Carlos Ghosn and the Nissan Leaf

Meet Carlos Ghosn, CEO of Nissan and Renault. He has been named “One of the seven most powerful South Americans” by Forbes.com, and was voted Man of the Year 2003 by Fortune Magazine’s Asian edition. He also speaks six languages (Arabic, English, French, Japanese, Spanish, and Portuguese). Why are we talking about him? He is a perfect example of Corporacracy, in the best way possible.

Mr. Ghosn is an example of a man who has been given some very unique opportunities in his life, and he has taken full advantage of them. However, unlike many men who rise to the top, he seems to have maintained a sense of integrity and public service, and he has integrated these values smoothly into his business practices. As chairman of the Renault-Nissan Alliance, he oversaw investing US $5 billion into developing an affordable, mainstream electric vehicle – the Nissan Leaf. In the videos below, he discusses his rationale behind this investment:

Unlike the oil magnates who claim to be investing heavily in renewable technologies, Mr. Ghosn’s Nissan delivers tangible results. He realizes that there are inherent problems with the electric car – range, affordability, and battery recharging are all valid considerations, he notes. But he also makes the point that these are hurdles that can be overcome. He uses cell phones as an example: the first cell phone was an enormous 2-kiloton monster that took hours to charge and could only be used for several minutes. Today, phones easily fit in one’s pocket and can work for days on a single charge, and they can even access the internet. Ghosn expects that in ten years’ time, similar advances will be made in electric car technology as demand for such vehicles rises.

Of course, Mr. Ghosn is a businessman; although he may care about the environment and sustainability, he also needs to deliver profits to his shareholders. The Nissan Leaf is not only a major step forward for human transportation, but also for Nissan as a company. Showing the ability to produce such a technological marvel and bring it to market during a recessionary period shows initiative, and it may very well give Nissan a new market niche.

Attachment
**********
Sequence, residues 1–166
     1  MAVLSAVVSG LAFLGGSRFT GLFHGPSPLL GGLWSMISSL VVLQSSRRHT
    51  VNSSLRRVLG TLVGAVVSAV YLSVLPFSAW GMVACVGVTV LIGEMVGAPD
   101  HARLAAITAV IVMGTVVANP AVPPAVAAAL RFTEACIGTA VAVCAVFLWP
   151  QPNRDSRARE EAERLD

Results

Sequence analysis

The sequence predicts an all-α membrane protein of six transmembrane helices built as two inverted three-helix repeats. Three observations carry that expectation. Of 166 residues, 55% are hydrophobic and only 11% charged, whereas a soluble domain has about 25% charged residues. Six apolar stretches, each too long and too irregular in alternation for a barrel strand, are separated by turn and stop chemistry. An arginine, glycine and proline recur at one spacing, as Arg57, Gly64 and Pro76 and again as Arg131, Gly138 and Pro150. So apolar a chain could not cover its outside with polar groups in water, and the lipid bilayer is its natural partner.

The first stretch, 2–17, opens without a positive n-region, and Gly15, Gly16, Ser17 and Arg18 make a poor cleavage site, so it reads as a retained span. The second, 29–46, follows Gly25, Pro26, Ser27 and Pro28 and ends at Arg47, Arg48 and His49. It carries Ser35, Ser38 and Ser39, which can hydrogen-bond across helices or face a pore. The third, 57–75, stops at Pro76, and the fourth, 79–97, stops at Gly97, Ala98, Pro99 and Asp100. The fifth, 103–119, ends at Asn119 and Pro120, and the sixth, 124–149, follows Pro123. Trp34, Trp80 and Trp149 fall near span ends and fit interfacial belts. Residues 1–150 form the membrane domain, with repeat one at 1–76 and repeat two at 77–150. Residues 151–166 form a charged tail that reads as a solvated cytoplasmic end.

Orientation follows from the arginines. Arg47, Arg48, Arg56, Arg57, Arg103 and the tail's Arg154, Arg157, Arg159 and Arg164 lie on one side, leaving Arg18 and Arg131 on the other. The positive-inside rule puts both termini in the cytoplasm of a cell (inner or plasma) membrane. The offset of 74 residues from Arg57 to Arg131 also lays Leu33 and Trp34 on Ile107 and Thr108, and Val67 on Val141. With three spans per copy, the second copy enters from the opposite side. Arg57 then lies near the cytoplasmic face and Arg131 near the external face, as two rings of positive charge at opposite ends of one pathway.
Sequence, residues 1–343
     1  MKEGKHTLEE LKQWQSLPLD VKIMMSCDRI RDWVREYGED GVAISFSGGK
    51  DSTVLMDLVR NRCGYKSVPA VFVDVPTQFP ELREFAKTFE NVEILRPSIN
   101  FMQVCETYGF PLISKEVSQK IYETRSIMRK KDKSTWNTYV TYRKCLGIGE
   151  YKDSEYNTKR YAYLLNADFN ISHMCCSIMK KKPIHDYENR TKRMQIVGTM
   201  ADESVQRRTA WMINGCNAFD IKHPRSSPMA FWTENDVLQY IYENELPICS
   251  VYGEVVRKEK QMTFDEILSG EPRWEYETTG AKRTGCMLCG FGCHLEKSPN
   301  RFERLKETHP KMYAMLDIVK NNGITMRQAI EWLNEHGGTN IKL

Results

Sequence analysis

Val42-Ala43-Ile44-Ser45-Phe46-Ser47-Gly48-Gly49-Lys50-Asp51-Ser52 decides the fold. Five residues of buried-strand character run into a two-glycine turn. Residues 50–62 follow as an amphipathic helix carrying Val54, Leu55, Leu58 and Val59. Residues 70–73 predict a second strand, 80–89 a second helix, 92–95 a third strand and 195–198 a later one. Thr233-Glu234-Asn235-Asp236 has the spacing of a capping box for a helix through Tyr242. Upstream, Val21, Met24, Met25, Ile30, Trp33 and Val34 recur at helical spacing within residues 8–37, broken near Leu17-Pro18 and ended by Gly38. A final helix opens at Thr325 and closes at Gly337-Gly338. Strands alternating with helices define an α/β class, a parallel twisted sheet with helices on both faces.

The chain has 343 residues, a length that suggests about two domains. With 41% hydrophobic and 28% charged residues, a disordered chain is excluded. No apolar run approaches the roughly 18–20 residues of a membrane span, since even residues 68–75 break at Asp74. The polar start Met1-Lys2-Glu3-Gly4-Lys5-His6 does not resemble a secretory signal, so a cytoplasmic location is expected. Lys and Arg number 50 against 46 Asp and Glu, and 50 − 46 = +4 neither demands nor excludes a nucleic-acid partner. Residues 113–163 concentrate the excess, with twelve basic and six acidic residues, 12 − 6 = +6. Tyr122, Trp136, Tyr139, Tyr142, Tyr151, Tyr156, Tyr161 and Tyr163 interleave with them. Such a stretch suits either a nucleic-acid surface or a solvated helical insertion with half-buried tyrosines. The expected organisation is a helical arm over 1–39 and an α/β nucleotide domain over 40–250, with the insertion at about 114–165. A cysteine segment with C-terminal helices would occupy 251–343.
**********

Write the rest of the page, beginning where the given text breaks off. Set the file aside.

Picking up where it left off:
Because Mr. Ghosn is using his position of corporate power to lessen humanity’s impact on our environment, he and his company are an excellent example of the positive side of Corporacracy. We here at The Whistleblower often discuss corporate and political corruption and scandals, but we love to discuss the more beneficial side of big business. For the moment, we will enjoy lifting the whistles from our necks and instead putting our hands together for Mr. Ghosn.

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About revelationtoo

Gerald Welch is a progressive author living in Madison, WI. After becoming a victim of corporate fraud and runarounds, he decided to write two books, Welcome to Reality and Corporacracy, to share his experiences and ideas. Look for them in stores and online to understand his story and what Corporacracy means to you!
This entry was posted in Big Business, clean energy, corporacracy, environment, investments, jobs, pollution, profits, sustainability and tagged , , , . Bookmark the permalink.

2 Responses to Carlos Ghosn and the Nissan Leaf

  1. this is what the american voters voted for.. well some of them anyway.

  2. Eric Ehrmann says:

    If one drills down a bit, it appears that Mr Ghosn holds French and Lebanese citizenship, and that of Brazil. $5 billion in electric car investment is a chunk of change, and, of course, it is helpful to recall that the company is Nissan-Renault, or Renault-Nissan, depending on which side of Mont Blanc you think has whiter snow. Then too, these companies can be considered “state owned” depending on how you define accountants window dressing. Ghosn is engaged in a huge move and the Dacia fab operating in the rather tepid transparency Romanian business culture shows he can deal with the labor issues betweer than Tata has, and opposition to the Tata Nano in India comes from the people who need cheap personal transportt most, the Communists and their allies in organized labor. To look at how important the idea of even putting a roof over a motor bike was back in 1950, get a Torrent of Oscar winning film La Strada and watch Anthony Quinn tool around on his little house he built over something that might have been an early Vespa in the rain. Put a few Iphones in your hip pocket in some markets and you can pay for Ghosn’s car. But it might help to give it a “peoples name.”

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